SSA must provide the beneficiary with advance notice of the need for a payee and of the payee’s selection. While the beneficiary has 60 days to appeal such notices, the beneficiary has 10 days to prevent the decision from going into effect while SSA considers the appeal. To support the appeal, the beneficiary must provide evidence of ability to manage the SSA benefits or a rationale for disputing the choice of representative. Representative payee applicants have no right to appeal. In addition, beneficiaries can apply to be their own payees at any time and present medical and other evidence of the ability to manage their SSA benefits in their own best interests.

If SSA has determined that a payee is needed but no suitable payee is currently available, SSA will pay monthly benefits to the beneficiary directly while the payee search and selection process continues, unless the beneficiary has been determined legally incompetent or is a minor to whom an exception does not apply. However, if SSA determines that direct payment would result in substantial harm, payments may be suspended for a maximum of 30 days, unless the recipient has a substance abuse condition.

Becoming a representative payee entails serious responsibilities and misuse of funds can result in criminal prosecution. But when the duties are undertaken with care and interest in the beneficiary’s needs and preferences, the representative payee can make an important contribution to the individual’s quality of life. Those who work with the beneficiary to understand and manage their own funds can contribute to the beneficiary’s independence.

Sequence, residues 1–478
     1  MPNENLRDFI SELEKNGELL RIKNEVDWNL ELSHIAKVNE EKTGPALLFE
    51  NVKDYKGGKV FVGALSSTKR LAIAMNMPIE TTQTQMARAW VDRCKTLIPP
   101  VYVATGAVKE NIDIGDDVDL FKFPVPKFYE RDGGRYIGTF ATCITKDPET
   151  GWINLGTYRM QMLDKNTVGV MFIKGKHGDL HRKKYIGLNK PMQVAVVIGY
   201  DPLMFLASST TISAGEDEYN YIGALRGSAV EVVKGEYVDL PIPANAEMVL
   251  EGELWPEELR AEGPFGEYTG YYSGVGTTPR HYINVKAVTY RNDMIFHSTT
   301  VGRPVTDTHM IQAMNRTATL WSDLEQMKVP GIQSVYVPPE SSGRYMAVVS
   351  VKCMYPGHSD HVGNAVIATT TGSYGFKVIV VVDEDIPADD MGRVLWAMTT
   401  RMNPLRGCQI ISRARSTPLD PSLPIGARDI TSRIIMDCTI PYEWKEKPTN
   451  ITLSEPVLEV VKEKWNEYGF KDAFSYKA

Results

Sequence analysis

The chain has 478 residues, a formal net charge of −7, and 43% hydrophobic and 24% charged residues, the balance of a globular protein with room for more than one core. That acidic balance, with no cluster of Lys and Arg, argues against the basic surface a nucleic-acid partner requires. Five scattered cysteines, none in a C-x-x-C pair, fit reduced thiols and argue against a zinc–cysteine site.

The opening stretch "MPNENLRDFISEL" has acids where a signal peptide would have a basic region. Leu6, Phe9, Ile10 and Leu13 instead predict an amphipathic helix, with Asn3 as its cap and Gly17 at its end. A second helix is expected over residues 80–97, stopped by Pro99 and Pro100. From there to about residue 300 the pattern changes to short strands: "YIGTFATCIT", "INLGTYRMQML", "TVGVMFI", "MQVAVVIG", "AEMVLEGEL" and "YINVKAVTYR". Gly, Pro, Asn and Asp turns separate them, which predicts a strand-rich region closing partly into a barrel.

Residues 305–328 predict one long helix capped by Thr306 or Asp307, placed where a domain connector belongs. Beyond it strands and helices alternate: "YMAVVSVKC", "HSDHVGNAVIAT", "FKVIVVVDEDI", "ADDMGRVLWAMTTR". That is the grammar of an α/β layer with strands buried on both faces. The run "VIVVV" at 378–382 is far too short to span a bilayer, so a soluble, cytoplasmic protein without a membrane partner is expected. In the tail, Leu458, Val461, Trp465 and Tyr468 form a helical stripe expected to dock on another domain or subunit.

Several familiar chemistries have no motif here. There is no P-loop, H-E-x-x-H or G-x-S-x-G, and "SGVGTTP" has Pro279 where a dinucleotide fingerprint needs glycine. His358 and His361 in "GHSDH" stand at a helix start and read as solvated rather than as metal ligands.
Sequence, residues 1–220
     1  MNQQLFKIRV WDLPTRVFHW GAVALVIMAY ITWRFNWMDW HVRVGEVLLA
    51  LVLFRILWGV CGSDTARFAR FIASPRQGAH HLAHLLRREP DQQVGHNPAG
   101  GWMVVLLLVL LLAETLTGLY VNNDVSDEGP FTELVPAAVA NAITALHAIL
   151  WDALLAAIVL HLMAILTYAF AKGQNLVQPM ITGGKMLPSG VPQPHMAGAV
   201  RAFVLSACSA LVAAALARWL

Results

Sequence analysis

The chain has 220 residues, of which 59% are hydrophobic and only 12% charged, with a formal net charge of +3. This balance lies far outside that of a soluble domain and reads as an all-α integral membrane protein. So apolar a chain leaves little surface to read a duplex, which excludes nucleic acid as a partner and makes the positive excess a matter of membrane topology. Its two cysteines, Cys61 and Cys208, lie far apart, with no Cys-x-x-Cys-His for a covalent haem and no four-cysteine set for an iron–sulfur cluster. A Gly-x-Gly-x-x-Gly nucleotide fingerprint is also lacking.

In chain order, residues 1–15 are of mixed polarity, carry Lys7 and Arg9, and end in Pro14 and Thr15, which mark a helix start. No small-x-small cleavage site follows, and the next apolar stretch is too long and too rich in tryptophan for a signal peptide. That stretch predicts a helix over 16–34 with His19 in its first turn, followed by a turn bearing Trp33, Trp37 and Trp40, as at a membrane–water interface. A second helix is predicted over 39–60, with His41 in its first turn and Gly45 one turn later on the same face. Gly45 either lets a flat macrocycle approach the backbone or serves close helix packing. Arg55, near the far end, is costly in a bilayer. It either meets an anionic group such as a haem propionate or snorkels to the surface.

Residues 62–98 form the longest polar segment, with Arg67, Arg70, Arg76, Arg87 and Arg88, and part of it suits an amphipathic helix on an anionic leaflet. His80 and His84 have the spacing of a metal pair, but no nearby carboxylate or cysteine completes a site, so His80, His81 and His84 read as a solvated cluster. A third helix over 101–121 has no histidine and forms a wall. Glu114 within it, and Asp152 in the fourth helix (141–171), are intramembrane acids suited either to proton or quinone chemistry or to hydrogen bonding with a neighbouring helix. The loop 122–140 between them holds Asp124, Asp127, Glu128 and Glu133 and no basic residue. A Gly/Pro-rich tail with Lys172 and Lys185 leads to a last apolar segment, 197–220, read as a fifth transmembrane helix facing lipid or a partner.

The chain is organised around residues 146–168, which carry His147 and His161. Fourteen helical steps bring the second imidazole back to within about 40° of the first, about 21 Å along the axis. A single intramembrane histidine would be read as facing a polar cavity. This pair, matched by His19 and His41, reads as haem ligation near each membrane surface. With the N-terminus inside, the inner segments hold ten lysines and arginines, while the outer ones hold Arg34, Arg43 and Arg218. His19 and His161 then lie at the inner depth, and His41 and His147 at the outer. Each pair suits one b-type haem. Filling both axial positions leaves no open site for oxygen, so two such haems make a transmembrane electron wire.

This article provides a general overview of representative payment. For the details on representative payment for both representative payees and beneficiaries, visit

About this Article: We hope you find this article useful and informative, but it is not the same as legal counsel. A free article is ultimately worth everything it costs you; you rely on it at your own risk. Good legal advice includes a review of all the facts of your situation, including many that may at first blush seem to you not to matter. The plan it generates is sensitive to your goals and wishes while considering a whole panoply of laws, rules and practices, many not published. That is what SNA is all about. Contact information for a member in your state may be obtained by visiting Find an Attorney.

Requirements for Reproducing this Article: The above article may be reprinted only if it appears unmodified, including both the author description above the title and the “About this Article” paragraph immediately following the article. It must be accompanied by the following statement: “Reprinted with permission of the Special Needs Alliance –” The article may not be reproduced online. Instead, references to it should link to it on the SNA website.